Services, likehydro, sewer and water:
This category definitely has the widest variable on costs. Every site is so unique that it’s impossible to project what the cost of this would be without knowing the site. I will say this though, all projects need these three elements in one way or another, so it’s not like these things are free if you’re not a remote access site. The question is how much more is it?
Here’s a few things to consider when buying a property that will affect the costs of these elements:
Hydro: either it’s available or it’s not. If it is, the cost of hook up will depend on how far away the nearest hydro pole is located. If it’s not, solar, or a propane powered generator will be the two best options. Often the decision comes down to how much you want to spend now vs. the monthly savings down the road. For example, solar is very expensive up front, but the ongoing costs are much cheaper than constantly buying propane.
Sewer: this is very area specific. Most areas require a septic field, or a grey water field if you’re using a composting toilet. The cost of this will vary based on ground conditions and how much extra dirt needs to be brought in to make the field. This is not however exclusive to water access lots. Everyone faces these same costs, the only cost difference would be delivering dirt and equipment to make the field.
Water: this one is really not much different then road access sites. Most lakefront cottages today take water straight from the lake and put it through a filter system to purify.
Project management: any time we have a water access only job, the project management cost goes up slightly. All projects need management, but in the case of water access tradespeople often need to be transported to the site, and not all of them have a boat or are even able to drive a boat. As the builder, we’re responsible for getting them to and from the site safely.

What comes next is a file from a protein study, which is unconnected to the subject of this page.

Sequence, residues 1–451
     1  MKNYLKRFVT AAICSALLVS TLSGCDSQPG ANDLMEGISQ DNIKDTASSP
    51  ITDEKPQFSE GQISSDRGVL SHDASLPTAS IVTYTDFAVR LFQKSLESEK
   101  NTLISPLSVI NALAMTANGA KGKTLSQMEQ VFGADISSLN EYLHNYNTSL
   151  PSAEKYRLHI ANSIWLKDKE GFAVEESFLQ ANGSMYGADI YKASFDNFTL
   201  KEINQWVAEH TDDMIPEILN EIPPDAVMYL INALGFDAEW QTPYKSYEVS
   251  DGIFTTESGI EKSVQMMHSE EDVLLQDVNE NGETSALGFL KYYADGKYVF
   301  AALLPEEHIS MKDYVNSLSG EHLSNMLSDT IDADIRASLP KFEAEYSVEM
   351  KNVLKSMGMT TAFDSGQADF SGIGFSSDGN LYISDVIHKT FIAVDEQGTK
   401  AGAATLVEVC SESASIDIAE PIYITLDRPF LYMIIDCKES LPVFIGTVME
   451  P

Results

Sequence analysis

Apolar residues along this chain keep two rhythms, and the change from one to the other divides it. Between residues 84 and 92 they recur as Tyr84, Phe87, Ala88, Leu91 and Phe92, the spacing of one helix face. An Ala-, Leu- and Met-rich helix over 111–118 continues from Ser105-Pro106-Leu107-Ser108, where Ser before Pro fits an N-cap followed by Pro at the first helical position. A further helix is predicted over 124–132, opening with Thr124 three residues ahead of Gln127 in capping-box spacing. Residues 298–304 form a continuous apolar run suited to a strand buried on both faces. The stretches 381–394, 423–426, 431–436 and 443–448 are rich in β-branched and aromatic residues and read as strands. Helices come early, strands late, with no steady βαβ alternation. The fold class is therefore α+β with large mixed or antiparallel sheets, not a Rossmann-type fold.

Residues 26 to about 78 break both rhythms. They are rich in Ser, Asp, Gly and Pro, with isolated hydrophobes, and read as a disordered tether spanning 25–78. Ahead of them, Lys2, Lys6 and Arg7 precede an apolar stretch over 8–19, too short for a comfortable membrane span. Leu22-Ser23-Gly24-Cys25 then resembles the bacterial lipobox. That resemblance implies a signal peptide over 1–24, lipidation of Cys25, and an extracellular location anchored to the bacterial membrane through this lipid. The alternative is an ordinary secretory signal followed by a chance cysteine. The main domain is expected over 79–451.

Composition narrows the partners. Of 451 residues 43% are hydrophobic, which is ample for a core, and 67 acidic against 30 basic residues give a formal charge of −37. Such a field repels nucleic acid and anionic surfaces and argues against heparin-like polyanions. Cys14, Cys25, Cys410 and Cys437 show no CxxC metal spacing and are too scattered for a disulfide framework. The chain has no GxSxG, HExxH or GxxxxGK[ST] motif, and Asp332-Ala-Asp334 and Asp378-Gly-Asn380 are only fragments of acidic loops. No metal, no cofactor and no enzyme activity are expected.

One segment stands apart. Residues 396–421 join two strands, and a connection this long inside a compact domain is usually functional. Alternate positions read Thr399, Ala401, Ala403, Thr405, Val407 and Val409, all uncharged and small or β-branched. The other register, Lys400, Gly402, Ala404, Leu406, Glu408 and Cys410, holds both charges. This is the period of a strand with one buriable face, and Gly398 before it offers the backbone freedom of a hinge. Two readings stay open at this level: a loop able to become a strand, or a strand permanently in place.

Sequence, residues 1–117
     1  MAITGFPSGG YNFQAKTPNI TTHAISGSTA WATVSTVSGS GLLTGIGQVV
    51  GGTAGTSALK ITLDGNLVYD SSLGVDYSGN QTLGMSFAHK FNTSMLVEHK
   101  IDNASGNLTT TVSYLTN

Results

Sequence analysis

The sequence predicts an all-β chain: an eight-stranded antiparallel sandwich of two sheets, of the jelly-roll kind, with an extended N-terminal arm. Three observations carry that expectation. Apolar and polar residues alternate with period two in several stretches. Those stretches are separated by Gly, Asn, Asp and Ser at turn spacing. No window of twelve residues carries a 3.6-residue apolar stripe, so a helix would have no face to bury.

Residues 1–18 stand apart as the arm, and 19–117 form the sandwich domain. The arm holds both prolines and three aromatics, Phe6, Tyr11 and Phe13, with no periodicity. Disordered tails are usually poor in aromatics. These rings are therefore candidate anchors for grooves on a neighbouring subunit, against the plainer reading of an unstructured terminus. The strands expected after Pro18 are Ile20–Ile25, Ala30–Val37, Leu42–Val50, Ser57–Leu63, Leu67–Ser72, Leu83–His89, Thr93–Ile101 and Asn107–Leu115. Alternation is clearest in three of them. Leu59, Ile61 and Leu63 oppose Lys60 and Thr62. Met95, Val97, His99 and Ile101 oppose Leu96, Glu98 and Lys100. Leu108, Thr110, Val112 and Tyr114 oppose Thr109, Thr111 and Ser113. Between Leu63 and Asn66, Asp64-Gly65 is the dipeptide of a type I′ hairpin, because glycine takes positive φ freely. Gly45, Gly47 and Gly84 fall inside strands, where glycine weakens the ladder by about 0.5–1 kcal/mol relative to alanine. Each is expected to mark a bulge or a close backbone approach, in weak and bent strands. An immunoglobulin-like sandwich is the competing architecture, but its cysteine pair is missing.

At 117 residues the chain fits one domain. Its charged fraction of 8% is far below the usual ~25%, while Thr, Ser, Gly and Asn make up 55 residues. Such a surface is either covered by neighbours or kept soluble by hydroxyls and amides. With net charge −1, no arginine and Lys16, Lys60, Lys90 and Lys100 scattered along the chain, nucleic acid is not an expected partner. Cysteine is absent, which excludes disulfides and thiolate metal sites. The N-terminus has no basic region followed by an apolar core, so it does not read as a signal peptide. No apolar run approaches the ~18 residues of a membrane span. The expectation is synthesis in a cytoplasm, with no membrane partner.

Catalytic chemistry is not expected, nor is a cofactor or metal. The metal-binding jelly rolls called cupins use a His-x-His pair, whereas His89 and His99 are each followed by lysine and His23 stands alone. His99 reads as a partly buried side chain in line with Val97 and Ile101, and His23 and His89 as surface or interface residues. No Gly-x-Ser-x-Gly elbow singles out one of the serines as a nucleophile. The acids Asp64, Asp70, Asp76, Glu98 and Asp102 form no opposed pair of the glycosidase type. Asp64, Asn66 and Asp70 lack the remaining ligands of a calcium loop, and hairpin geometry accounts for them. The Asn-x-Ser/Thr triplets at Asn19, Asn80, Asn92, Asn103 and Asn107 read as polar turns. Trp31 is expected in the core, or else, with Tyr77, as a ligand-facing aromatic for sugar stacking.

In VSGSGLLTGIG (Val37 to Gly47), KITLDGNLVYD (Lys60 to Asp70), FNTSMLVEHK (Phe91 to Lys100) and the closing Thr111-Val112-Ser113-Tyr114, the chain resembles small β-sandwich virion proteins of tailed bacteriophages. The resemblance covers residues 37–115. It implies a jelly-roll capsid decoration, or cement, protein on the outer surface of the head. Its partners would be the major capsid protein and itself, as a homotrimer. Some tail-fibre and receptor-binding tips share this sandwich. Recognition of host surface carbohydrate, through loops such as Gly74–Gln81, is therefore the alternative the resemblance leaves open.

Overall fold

We try to limit this by scheduling trades in blocks where multiple people can be working on the site together and only need one person to get them there. We also try to schedule trades in accordance with when we have our own people already working on site, so no extra help is needed for transportation. However, this does only limit the added management cost and not eliminate it entirely. Generally the extra cost of management, depending on how remote the project is, will range from 2-5%.
So, where does all of this leave you?
On a whole, this adds up to approximately 10-20% increase over the average cottage. Which on a 1,400 square foot cottage might end up in the $35,000- $70,000 range. However, often the remote access properties are less than half the cost of road access, and often twice as nice. The property savings alone could be in excess of $100,000 to have your own remote paradise. Is it worth it? I guess it depends on the property.You’ll need to be the judge.
If you have a property in mind, and you’d like an opinion on what end of the spectrum you’re on, please reach out, we’re happy to help! I often get phone calls from clients before they purchase a property just to be sure of their purchase before passing the point of no return. We can often provide an accurate assessment simply from being familiar with most of the cottage areas.